Temp Power to 40 RVs

starrpamph

Member
Location
Kentucky
Occupation
Entertainment Electrician
I work on an annual event where we power 50 or so large RVs for a week from a couple towable diesel generators. All 3 phase 120/208 generators and distribution and 50 amp 4 wire connections for the RVs. I have never seen one of these rigs with any L-L loads.
I am powering an event that is a bit out of my wheelhouse for a new music festival. Client wants me to supply temp power to 40 RV's.. Most will be 50A some 30A. I have the 208v distribution, feeder and adapters in stock, but not sure what size generators to supply him. I was thinking about bringing two 400kva but I can't imagine those RV's using that much power consistently. Any insight on what size units you guys use for your event? Any idea what your average hot summertime current draw is on each leg?
 
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wbdvt

Senior Member
Location
Rutland, VT, USA
Occupation
Electrical Engineer, PE
Some RV's have 2 air conditioners (15A each), residential refrigerators, several TV, microwave, washer/dryer and even a dishwasher so to be conservative, figure at least 40A per RV.
 

augie47

Moderator
Staff member
Location
Tennessee
Occupation
State Electrical Inspector
400 kva would be in-line with the "required" supply but as you noted it might be a little light for a summertime draw.
 

winnie

Senior Member
Location
Springfield, MA, USA
Occupation
Electric motor research
If this were an RV camp, NEC would only require a 197 kVA service for 40 campsites with 50A 120/240V receptacles each.


With that said I have no direct experience with this. The NEC is known to be rather conservative with service sizing (making them much larger than necessary) but a utility service would have transient overload capability that a generator probably doesn't have.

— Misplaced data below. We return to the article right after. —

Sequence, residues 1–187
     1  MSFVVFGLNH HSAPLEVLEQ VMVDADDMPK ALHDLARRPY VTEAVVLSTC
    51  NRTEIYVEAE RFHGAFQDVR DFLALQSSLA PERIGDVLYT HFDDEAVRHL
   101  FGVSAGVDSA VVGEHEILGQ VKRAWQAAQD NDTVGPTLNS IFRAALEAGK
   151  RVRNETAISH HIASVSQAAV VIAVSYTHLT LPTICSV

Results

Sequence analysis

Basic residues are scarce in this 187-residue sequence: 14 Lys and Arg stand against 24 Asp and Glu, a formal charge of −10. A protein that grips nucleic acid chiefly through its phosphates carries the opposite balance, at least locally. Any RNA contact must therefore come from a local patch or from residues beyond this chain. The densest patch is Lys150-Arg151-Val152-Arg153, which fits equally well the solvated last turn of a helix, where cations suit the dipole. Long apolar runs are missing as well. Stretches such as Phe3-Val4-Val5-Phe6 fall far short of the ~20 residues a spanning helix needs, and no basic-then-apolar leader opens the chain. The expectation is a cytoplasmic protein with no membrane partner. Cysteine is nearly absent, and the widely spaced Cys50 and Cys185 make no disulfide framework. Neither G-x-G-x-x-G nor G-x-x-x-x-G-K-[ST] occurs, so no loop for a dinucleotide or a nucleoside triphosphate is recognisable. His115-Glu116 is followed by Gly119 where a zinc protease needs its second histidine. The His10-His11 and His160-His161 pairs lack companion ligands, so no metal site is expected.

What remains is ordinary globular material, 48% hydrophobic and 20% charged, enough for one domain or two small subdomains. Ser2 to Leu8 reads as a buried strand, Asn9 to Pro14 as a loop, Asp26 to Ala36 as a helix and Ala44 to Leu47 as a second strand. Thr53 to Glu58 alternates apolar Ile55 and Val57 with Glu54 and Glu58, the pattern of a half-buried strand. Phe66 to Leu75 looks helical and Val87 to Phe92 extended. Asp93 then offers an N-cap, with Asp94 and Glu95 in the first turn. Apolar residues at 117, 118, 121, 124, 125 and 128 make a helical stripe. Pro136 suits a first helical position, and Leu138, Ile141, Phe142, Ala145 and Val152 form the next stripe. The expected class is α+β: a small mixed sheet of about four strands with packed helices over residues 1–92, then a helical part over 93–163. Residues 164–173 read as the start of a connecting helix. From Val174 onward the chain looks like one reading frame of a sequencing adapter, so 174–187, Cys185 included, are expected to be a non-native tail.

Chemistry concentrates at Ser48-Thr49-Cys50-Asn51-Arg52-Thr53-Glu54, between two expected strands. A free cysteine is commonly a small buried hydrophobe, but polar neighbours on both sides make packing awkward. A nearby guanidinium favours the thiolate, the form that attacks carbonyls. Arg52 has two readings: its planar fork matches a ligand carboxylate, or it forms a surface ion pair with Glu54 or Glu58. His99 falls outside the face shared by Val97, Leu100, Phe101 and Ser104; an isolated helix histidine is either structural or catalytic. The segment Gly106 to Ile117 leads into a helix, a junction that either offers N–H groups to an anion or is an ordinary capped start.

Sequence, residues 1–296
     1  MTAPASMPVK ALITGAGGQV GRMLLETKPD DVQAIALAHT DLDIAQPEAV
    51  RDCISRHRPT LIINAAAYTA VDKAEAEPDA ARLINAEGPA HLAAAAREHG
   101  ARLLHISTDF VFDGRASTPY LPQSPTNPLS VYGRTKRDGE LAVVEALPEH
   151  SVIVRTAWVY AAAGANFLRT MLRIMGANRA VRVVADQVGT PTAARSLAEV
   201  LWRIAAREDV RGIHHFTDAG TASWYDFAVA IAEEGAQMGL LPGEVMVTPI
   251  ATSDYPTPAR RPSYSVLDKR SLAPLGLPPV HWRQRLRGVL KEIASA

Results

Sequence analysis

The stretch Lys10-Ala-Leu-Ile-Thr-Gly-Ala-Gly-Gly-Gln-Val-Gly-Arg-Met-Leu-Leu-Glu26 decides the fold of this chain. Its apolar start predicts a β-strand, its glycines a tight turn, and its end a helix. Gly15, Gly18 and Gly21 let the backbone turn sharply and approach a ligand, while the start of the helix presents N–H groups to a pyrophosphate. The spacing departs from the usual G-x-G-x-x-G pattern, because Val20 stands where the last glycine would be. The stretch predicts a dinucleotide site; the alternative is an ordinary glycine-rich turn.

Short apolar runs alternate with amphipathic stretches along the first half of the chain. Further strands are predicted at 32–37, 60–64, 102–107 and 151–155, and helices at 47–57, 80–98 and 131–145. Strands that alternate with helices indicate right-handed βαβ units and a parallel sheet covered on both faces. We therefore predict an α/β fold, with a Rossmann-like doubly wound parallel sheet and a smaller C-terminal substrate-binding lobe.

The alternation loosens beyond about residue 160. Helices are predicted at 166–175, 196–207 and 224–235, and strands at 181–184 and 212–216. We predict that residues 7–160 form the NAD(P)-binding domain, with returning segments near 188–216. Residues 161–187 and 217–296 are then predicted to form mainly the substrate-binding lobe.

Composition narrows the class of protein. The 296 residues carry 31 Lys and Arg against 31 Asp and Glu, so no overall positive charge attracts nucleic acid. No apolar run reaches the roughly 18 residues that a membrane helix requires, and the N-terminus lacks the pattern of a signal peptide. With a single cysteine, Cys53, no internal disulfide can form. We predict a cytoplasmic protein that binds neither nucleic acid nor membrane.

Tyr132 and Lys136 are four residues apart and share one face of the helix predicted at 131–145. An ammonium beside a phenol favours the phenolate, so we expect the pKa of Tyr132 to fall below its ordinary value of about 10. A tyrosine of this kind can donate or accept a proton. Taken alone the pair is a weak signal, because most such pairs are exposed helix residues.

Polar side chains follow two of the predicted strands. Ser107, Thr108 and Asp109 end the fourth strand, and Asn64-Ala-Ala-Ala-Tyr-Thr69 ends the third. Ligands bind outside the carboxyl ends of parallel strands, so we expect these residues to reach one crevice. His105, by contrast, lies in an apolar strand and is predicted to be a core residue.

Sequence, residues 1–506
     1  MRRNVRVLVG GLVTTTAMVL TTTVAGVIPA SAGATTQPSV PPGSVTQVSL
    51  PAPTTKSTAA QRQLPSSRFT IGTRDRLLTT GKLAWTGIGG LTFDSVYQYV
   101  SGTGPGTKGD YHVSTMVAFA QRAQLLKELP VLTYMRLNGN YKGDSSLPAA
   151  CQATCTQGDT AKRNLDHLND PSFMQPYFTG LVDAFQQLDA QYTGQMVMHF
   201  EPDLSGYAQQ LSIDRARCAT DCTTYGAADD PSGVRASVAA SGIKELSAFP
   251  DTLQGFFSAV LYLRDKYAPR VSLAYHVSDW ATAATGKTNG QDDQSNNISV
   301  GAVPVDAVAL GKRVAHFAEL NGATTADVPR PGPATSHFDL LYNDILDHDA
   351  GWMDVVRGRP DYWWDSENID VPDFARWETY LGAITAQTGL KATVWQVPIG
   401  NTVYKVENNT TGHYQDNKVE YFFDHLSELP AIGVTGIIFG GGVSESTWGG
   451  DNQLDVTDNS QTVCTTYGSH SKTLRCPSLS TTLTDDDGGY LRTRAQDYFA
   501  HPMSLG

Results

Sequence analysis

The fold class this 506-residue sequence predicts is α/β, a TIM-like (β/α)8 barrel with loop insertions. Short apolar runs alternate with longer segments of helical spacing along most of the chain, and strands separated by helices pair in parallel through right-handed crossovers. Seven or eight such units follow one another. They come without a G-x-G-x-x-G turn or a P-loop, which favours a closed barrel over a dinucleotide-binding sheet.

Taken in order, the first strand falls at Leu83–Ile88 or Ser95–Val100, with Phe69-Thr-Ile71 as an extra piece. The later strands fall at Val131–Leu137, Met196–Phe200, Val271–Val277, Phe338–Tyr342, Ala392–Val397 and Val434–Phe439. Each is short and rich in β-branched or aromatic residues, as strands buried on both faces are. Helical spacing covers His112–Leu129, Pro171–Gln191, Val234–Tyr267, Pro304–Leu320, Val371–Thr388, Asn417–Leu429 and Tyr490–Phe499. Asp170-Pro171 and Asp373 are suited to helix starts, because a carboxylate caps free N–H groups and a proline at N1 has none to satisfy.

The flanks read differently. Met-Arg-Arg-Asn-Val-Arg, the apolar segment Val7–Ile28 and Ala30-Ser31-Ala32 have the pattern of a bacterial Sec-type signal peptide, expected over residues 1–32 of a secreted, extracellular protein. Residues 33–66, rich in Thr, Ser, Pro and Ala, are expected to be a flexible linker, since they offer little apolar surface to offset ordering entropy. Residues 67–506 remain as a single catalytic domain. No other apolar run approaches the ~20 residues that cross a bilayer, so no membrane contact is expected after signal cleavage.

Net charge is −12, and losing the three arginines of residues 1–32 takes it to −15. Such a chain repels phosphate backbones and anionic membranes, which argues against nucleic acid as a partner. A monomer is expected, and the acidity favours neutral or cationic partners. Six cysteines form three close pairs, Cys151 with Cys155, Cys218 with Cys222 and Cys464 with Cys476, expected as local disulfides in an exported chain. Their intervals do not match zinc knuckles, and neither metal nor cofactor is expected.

-Jon
 

mopowr steve

Senior Member
Location
NW Ohio
Occupation
Electrical contractor
If this were an RV camp, NEC would only require a 197 kVA service for 40 campsites with 50A 120/240V receptacles each.


With that said I have no direct experience with this. The NEC is known to be rather conservative with service sizing (making them much larger than necessary) but a utility service would have transient overload capability that a generator probably doesn't have.

-Jon
As Winnie says, especially now that the 50 amp RV calculation are 12000VA each that used to be 9600VA
The NEC is conservative. At 40 campers the demand factor is 41%
12000VA x 40 campers = 480,000 VA
480,000 x 41% = 196,800VA (197KVA)
So just for safety sake you double this. One 400KVA generator should suffice but you may be better to use a single phase 120/240 volt. Since I,ve done few campgrounds for fair events these type of events kinda push things over the minimal limits of NEC because of added “party” necessities utilized ( extra beer refrigerators, crock pots, etc ) when nearly all sites are being occupied unlike actual campgrounds.
 

hillbilly1

Senior Member
Location
Atlanta,Ga
Occupation
Field coordinator/ technical support
Most RV’s utilize 120 volts only, even on the 50 amp plugs, so 208 shouldn’t be an issue, as all loads will be phase to neutral.
 

starrpamph

Member
Location
Kentucky
Occupation
Entertainment Electrician
As Winnie says, especially now that the 50 amp RV calculation are 12000VA each that used to be 9600VA
The NEC is conservative. At 40 campers the demand factor is 41%
12000VA x 40 campers = 480,000 VA
480,000 x 41% = 196,800VA (197KVA)
So just for safety sake you double this. One 400KVA generator should suffice but you may be better to use a single phase 120/240 volt. Since I,ve done few campgrounds for fair events these type of events kinda push things over the minimal limits of NEC because of added “party” necessities utilized ( extra beer refrigerators, crock pots, etc ) when nearly all sites are being occupied unlike actual campgrounds.
Thanks for the insight. I might give him two 300KVA and split it up into 2 separate systems of 20 each with a bond between the two machines. The larger generators also come with larger fuel tanks which is nice to have.
 

mopowr steve

Senior Member
Location
NW Ohio
Occupation
Electrical contractor